Authoring another piece in the May 1897 magazine The Horseless Age, Winton wrote about his second, new and improved car with 2-cylinder vertical engine that rolled out of the shop just two months after the company's founding. A 60-mile road test from Cleveland to Elyria, driven at an average speed of 12 mph, proved—to Winton's satisfaction, at least—that the car was every bit as good as a horse and wagon. There were smaller wheels in the front (30" diameter) than in the rear (36" diameter) with nickel-plated spokes, steel rims, and three-inch pneumatic tires. The use of ball bearings ensured that parts wouldn't wear away from friction. While the weight had surged to 1800 pounds and the tank now held seven gallons, the body, resting on "easy-riding" springs, came in polished natural wood with nickel trim and leather seat cushions and could be ordered with a canopy top. Answering the consistent complaint that early cars were noisy and smelly, Winton claimed his engine was "compact, practically noiseless, odorless, and free from vibration." A simple lever engaged the drive mechanism and applied the brake and with the mere press of a button, you could increase and hold speed up to 30 mph. This was the same car Winton drove at the breakneck speed of nearly 34 mph, the one which Winton and his shop superintendent William A. "Bert" Hatcher believed in enough to make a daring nine-day trip from Cleveland to New York City. Actual driving time was calculated at 78 hours and 43 minutes and refueling was accomplished via gasoline (or cleaning fluid) purchases at hardware stores along the way.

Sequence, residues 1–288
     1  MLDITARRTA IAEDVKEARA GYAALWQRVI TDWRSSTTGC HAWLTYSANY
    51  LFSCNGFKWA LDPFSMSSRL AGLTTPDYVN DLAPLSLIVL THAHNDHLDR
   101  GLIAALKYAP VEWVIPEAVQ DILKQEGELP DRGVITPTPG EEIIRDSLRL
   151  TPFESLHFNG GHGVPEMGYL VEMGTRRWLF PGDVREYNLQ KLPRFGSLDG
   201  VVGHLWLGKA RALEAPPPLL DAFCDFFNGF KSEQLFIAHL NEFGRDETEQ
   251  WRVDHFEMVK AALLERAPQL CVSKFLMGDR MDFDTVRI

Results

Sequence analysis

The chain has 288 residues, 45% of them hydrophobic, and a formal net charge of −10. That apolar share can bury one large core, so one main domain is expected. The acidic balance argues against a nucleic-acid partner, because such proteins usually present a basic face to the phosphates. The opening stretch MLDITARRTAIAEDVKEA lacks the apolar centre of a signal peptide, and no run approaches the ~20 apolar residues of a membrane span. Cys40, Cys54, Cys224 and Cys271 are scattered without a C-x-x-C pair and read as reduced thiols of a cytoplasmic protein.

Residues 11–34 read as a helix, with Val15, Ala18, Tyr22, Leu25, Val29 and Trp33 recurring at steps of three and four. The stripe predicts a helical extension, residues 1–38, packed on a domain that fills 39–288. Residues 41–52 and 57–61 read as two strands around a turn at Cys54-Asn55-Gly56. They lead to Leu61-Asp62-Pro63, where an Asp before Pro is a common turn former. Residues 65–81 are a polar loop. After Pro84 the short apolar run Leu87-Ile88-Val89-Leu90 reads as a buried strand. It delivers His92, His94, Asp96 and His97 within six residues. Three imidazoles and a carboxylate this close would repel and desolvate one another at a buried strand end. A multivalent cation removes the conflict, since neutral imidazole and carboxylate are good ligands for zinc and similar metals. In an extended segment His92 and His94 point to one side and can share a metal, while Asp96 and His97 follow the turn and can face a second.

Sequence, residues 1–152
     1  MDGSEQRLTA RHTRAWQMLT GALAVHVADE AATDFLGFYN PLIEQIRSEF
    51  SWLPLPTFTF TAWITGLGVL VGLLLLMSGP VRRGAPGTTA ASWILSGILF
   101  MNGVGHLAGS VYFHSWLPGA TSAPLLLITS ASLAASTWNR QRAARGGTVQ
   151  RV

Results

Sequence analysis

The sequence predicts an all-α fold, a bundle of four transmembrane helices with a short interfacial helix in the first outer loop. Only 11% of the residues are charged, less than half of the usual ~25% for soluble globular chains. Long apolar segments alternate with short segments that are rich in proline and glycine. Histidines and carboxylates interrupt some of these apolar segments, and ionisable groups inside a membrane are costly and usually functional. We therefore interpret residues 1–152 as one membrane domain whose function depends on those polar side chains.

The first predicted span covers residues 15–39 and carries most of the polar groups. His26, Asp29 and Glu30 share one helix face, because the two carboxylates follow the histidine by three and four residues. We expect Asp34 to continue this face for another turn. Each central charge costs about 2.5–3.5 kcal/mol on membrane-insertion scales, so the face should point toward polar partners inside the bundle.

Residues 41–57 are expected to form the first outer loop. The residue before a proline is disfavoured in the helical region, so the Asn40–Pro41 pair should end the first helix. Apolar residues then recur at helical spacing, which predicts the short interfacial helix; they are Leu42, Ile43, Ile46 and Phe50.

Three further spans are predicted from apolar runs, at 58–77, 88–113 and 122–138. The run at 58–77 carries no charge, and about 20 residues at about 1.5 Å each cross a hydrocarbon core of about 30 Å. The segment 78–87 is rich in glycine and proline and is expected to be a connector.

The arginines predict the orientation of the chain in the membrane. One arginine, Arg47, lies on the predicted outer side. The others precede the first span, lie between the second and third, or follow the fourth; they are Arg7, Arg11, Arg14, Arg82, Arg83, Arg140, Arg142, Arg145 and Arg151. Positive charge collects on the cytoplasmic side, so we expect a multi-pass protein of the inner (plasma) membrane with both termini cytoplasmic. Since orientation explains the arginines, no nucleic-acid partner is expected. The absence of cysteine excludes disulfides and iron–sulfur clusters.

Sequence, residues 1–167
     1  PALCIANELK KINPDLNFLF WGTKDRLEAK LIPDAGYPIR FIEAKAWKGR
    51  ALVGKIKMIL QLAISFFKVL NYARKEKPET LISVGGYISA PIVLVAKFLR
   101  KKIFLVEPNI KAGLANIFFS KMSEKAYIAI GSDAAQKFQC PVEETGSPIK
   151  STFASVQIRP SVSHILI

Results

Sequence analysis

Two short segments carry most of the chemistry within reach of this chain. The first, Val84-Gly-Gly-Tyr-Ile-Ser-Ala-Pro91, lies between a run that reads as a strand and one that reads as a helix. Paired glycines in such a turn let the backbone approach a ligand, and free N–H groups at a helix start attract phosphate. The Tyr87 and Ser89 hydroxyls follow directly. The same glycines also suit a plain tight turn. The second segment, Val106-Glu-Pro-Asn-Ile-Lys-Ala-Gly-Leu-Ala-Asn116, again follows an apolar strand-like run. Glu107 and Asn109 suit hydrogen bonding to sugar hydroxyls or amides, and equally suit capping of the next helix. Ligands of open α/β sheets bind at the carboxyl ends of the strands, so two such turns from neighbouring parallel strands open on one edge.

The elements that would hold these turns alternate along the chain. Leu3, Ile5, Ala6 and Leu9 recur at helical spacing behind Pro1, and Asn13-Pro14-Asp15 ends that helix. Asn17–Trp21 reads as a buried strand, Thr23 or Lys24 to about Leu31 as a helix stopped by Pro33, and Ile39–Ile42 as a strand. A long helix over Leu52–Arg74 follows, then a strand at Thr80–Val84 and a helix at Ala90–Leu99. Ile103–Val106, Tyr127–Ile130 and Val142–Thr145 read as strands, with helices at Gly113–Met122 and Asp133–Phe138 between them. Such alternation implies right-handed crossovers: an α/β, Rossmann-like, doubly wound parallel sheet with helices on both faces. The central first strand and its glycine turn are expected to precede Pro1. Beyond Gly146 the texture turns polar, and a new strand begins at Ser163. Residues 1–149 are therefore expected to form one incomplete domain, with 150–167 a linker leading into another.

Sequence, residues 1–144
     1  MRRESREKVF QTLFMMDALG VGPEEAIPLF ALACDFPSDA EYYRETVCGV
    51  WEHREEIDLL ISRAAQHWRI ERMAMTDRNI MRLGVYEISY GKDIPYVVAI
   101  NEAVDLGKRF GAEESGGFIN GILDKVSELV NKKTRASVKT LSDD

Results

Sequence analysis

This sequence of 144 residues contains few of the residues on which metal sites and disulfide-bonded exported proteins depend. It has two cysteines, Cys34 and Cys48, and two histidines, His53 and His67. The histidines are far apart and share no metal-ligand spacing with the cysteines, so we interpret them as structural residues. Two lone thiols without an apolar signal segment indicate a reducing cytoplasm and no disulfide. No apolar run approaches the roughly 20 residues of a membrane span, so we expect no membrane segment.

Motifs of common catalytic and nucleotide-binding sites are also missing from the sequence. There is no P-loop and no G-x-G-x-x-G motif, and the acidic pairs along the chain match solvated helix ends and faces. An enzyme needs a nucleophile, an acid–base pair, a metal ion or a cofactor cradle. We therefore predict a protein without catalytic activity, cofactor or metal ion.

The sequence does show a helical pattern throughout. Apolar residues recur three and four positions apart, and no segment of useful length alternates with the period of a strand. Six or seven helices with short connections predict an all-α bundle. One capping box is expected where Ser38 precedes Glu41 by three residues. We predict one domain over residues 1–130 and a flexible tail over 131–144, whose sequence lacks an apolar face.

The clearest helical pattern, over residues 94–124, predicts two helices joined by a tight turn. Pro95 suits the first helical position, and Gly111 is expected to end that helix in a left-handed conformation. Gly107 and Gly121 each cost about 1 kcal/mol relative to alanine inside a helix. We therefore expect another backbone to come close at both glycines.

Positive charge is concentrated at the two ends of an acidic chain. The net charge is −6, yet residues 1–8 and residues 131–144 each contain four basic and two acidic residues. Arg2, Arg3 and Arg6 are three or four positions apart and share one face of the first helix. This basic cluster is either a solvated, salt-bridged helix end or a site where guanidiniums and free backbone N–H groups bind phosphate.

In 1898, Winton sold 22 cars, including what is recognized as the first American-made, gasoline-powered, mass-produced car to Robert Allison Cole who appeared at the factory with $1000 cash in hand to buy the car he'd seen advertised. He was responding to an ad in Scientific American: "Dispense With a Horse and save the expense, care and anxiety of keeping it." The Winton Motor carriage, which could run at a cost of 1/2 cent per mile, was said to be "handsomely, strongly, and yet lightly constructed and elegantly finished". Winton was not in the business of making made-to-order vehicles but Mr. Cole was invited to choose from any of the four completed cars then on hand. (The car he chose has now made its way into the Smithsonian's automobile collection.) The twelfth such car went to James Ward Packard—but that one cost Winton money in the long run. During the 60-mile trip to his Warren, Ohio home, Packard's new Winton stopped running. A team of plow horses had to tow him home. Thereafter, as the story goes, Packard wrote letters of complaint and returned the car repeatedly for servicing. Winton, after he'd tried going to Packard's home to make peace, eventually invited the "smarty pants" to see if he could build a better car himself. Packard did just that, after helping himself to the financial backing of major Winton investor George Lewis Weiss and hiring away Winton's plant superintendent William A. Hatcher. In 1899, the first Packard was built.